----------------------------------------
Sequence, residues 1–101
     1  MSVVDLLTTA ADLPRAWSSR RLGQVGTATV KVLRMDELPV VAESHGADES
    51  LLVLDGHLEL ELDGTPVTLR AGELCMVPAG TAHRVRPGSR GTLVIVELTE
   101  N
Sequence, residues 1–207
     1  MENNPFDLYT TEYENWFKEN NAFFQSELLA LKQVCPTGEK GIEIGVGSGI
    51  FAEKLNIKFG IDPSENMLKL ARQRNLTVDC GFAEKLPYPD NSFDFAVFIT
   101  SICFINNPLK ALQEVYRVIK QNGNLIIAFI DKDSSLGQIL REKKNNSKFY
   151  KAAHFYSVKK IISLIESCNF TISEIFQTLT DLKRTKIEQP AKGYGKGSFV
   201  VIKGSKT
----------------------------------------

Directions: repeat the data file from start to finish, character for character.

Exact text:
Sequence, residues 1–101
     1  MSVVDLLTTA ADLPRAWSSR RLGQVGTATV KVLRMDELPV VAESHGADES
    51  LLVLDGHLEL ELDGTPVTLR AGELCMVPAG TAHRVRPGSR GTLVIVELTE
   101  N
Sequence, residues 1–207
     1  MENNPFDLYT TEYENWFKEN NAFFQSELLA LKQVCPTGEK GIEIGVGSGI
    51  FAEKLNIKFG IDPSENMLKL ARQRNLTVDC GFAEKLPYPD NSFDFAVFIT
   101  SICFINNPLK ALQEVYRVIK QNGNLIIAFI DKDSSLGQIL REKKNNSKFY
   151  KAAHFYSVKK IISLIESCNF TISEIFQTLT DLKRTKIEQP AKGYGKGSFV
   201  VIKGSKT